- A Brief Introduction to the Movement
- Bishop Henry McNeal Turner
- Word Travels Fast: 1855 Philadelphia
- Henry Highland Garnet's "Address"
- What Did They Eat? Where Did They Stay?
- Black Wealth and the 1843 Convention
- African American Women's Economic Power
- The First National Convention
- The "Conventions" of the Conventions: Political Rituals
- Conventions by City
- National Conventions
- Women Delegates
- Women in the Conventions
- Convention Hosts by Denomination
- Conventions by Level
- Clusters of Conventions
- Colored Conventions in Canada
- Delegate Search
- Women in the Conventions | March 8, 2017
- About Us
- Contact Us
Scripto | Transcribe Page
Minutes of the Fifth Annual Convention for the Improvement of the Free People of Colour in the United States; Held by Adjournments, in the Wesley Church, Philadelphia; from the first to the fifth of June, inclusive; 1835.
This page transcription has been submitted for review and is protected.
- Type what you see in the pdf, even if it's misspelled or incorrect.
- Leave a blank line before each new paragraph.
- Type page numbers if they appear.
- Put unclear words in brackets, with a question mark, like: [[Pittsburg?]]
- Click "Save transcription" frequently!
- Include hyphens splitting words at the end of a line. Type the full word without the hyphen. If a hyphen appears at the end of a page, type the full word on the second page.
- Include indents, tabs, or extra spaces.
Current Saved Transcription [history]
the horizon of everlasting justice. We will first appeal to the Christian churches to take the lead in establishing the principles of supreme love to God, and universal love to man. We will do all in our power to aid her in forming a moral structure against which " the gates of hell cannot prevail."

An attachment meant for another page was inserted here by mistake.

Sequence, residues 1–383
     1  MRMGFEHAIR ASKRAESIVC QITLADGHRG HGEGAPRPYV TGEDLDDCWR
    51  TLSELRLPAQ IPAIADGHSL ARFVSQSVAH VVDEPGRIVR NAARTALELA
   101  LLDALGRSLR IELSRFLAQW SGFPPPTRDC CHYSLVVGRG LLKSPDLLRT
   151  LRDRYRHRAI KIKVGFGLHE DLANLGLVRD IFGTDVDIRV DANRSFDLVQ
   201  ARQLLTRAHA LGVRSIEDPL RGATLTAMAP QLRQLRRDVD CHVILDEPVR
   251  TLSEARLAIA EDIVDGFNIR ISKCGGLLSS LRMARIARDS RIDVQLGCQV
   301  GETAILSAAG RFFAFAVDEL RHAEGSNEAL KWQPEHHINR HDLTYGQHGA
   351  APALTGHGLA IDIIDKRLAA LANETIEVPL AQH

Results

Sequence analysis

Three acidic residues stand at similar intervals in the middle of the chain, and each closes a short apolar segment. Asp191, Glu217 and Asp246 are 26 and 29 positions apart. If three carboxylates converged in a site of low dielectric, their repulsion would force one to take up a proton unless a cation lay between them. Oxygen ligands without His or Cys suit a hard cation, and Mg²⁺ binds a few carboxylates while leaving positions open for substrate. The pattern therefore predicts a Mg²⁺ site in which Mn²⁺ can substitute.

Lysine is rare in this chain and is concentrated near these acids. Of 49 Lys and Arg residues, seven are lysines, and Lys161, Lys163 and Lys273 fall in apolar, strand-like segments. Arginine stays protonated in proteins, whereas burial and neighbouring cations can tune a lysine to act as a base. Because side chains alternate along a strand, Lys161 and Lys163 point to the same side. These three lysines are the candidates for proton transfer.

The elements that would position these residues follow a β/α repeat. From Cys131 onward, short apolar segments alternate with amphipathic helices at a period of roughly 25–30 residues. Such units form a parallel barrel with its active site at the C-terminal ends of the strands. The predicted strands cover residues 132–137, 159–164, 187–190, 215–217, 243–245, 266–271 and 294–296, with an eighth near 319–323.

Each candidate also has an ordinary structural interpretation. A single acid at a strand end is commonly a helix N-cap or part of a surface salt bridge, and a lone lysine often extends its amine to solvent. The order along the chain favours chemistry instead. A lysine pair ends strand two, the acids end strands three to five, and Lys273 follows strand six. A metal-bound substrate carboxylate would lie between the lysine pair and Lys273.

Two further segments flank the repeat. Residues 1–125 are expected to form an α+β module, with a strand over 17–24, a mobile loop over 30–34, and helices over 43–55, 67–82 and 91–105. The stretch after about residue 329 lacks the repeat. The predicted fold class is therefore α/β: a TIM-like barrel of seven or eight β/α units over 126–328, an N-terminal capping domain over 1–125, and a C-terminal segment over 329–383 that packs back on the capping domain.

We plead for the extension of those principles on which our government was formed, that it in turn may become purified from those iniquitous inconsistencies into which she has fallen by her aberration from first principles ; that the laws of our country may cease to conflict with the spirit of that sacred instrument, the Declaration of American Independence. We believe in a pure, unmixed republicanism, as a form of government best suited to the condition of man, by its promoting equality, virtue, and happiness to all within its jurisdiction. We love our country, and pray for the perpetuation of its government, that it may yet stand illustrious before the nations of the earth, both for the purity of its precepts, and the mildness and equableness of its laws.
We shall advocate the cause of peace, believing that whatever tends to the destruction of human life, is at variance with the precepts of the Gospel, and at enmity with the well being of individuals as well as of society. We shall endeavour to promote education, with sound morality, not that we shall become "learned and mighty," but "great and good." We shall advocate temperance in all things, and total abstinence from all alcoholic liquors. We shall advocate a system of economy, not only because luxury is injurious to individuals, but because its practice exercises an influence on society, which in its very nature is sinful. We shall advocate universal liberty, as the inalienable right of every individual born in the world, and a right which cannot be taken away by government itself, without an unjust exercise of power. We shall exhibit our sympathy for our suffering brethren, by petitioning congress to procure the immediate abolition of slavery in the District of Columbia, and her territories. We shall endeavour to strengthen public sentiment against slavery, so long as a slave treads the soil of these United States. We shall aim at the extinction of mental thraldom; an evil much more dangerous, and exceeding the former, both in extent and power. We shall persuade our brethren from using the products of slave labour, both as a moral and Christian duty, and as a means by which the slave system may be successfully abrogated,
You don't have permission to discuss this page.